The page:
Only one per cent of Malta's plastic waste was recycled in 2019, with most ending up dumped in landfill, according to a new report published by the National Audit Office. 

The NAO revealed the latest WasteServ statistics on how the island is managing its plastic trash and warned that it is "lagging behind" in reaching national and EU targets.

And it said government was shouldering the "lion's share" of waste management costs, overriding the 'polluter pays' principle.

The latest statistics show that the proportion of waste being recycled dropped from five per cent in 2016 to one per cent in 2019.

Malta's exports of plastic waste soared during the same period. Of the 42,800 tonnes of plastic waste in Malta in 2019, some 36 per cent was exported, up from 10 per cent the previous year and one per cent in 2016.

However the majority of plastic waste still ends up dumped in landfill, accounting for 58 per cent in 2019, down from 78 per cent in 2016.

"Inadequate waste separation-at-source practices result in potentially recyclable waste being landfilled, which is by far the most expensive solution in financial and environmental terms," it warned.

The NAO blamed the low recycling rate on inadequate infrastructure, due to the loss of Malta's only recyclable waste sorting facility in Sant Antnin in a 2017. Inefficient separation at source and contaminated material were also among the "operational challenges" it said. 

On the implementation of strategies, the NAO says that a number of key policies are still awaiting government approval and adoption, while the Environment Ministry says it has been unable to secure funds to commission relevant studies. 

“Unless, such resources are made available, national entities will not be in a position to implement the measures outlined in the strategic framework.” the report says.

Video: National Audit Office

Government shouldering financial burden

The report also found that the government is shouldering the majority of the costs related to plastic waste management, despite Malta having adopted a ‘polluter pays’ policy with respect to plastic packaging, which stipulates that waste generators are liable for the waste that they generate. 

“Despite the intention that government’s role in waste management would be that of an operator of last resort, in practice market conditions constrain government in assuming responsibility for most of the waste management operations related to Municipal Solid Waste,” the report reads.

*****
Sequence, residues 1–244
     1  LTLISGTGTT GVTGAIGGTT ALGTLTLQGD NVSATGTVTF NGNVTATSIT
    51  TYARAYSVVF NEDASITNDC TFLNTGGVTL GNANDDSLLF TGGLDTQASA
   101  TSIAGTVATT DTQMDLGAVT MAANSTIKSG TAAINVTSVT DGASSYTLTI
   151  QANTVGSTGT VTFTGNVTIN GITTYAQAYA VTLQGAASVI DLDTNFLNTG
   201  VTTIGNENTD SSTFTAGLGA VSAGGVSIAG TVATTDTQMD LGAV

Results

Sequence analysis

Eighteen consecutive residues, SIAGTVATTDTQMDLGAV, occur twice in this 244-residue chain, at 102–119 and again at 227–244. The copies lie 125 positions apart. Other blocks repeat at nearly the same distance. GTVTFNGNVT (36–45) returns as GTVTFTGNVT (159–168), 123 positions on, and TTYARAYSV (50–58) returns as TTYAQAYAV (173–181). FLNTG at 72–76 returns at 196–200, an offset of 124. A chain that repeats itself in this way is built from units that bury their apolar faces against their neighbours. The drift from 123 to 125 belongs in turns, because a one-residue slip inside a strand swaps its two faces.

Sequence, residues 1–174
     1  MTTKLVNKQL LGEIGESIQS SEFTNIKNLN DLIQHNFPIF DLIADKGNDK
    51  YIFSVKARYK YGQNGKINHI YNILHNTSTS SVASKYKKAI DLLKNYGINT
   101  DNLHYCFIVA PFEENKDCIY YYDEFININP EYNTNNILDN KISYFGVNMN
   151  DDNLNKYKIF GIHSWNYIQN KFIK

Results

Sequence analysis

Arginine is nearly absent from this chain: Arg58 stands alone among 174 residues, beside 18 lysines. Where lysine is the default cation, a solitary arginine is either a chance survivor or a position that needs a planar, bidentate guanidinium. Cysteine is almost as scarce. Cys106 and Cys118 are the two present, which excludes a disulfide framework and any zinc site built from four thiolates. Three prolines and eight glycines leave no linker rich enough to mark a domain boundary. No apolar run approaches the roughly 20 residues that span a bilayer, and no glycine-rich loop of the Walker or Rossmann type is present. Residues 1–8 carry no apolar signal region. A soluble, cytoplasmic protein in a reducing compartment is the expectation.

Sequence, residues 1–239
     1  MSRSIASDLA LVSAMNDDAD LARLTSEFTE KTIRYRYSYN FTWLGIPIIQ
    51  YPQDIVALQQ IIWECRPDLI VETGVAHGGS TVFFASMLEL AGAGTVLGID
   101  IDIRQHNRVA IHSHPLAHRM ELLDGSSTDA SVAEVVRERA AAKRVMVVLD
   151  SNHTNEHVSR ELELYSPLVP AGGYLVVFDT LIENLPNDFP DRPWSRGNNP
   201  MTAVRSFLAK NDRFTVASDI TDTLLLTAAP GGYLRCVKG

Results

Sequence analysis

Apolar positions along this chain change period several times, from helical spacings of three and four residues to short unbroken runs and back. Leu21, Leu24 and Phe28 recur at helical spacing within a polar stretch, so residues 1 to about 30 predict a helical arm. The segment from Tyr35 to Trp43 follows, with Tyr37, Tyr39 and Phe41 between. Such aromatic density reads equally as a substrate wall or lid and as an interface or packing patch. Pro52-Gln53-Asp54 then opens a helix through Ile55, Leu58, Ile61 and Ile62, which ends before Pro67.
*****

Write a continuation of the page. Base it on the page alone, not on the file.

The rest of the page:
It said government remains the principal stakeholder in WasteServ, and through the €25 million annual subvention it grants to the company, it directly assumes financial responsibility for 86 per cent of waste treatment operations. 

Additionally, the NAO found that WasteServ is compensating producers in grants more than the amount of revenue it generates from plastic recycling. Additionally the sale of recycled plastic did not offset the cost of waste treatment operations, which is why the annual grant is necessary in order to keep operation running smoothly. 

Meanwhile landfilling remained the costliest activity carried out by WasteServ, with €209,437,156 in 2018 on total infrastructural costs related to landfilling. 

“It is clear that the current state of affairs is not contributing to enable Malta to adopt further principles of the circular economy,” the report comments.

“The €0.5 billion investment in the waste management infrastructure is in itself a more than needed injection in this sector. However, exploiting the full potential of such an investment necessitates behavioural changes by all waste generators, who in turn, depend on the coordination of the political, administrative and stakeholders’ efforts and their collective goodwill.”


In its report the NAO also put forward a number of recommendations to address the highlighted issues:

  • Shorten the time it takes to compile and publish waste management data;
  • Authorities should work together to accurately determine how much plastic is placed on the market;
  • Rework the gate fees for landfilling in line with the 'polluters pay 'principle and in a way that reflects the actual cost of waste management;
  • Environment ministry should hasten its adoption of plastic waste strategies for the period of 2021-2030;
  • Government and Packaging Waste Recovery Schemes should revise their compensation to reflect the cost of treating packaging waste;
  • Waste separation at source should improve through national policies and liaising with producers to include disposal instructions on products, paired with an awareness campaign;
  • Authorities should consider making waste separation at source mandatory;
  • Find ways to reduce the amount of mixed (black bag) waste being landfilled while the appropriate waste treatment infrastructure is concluded;
  • Authorities to consider legislative interventions to reduce the production of plastic waste.

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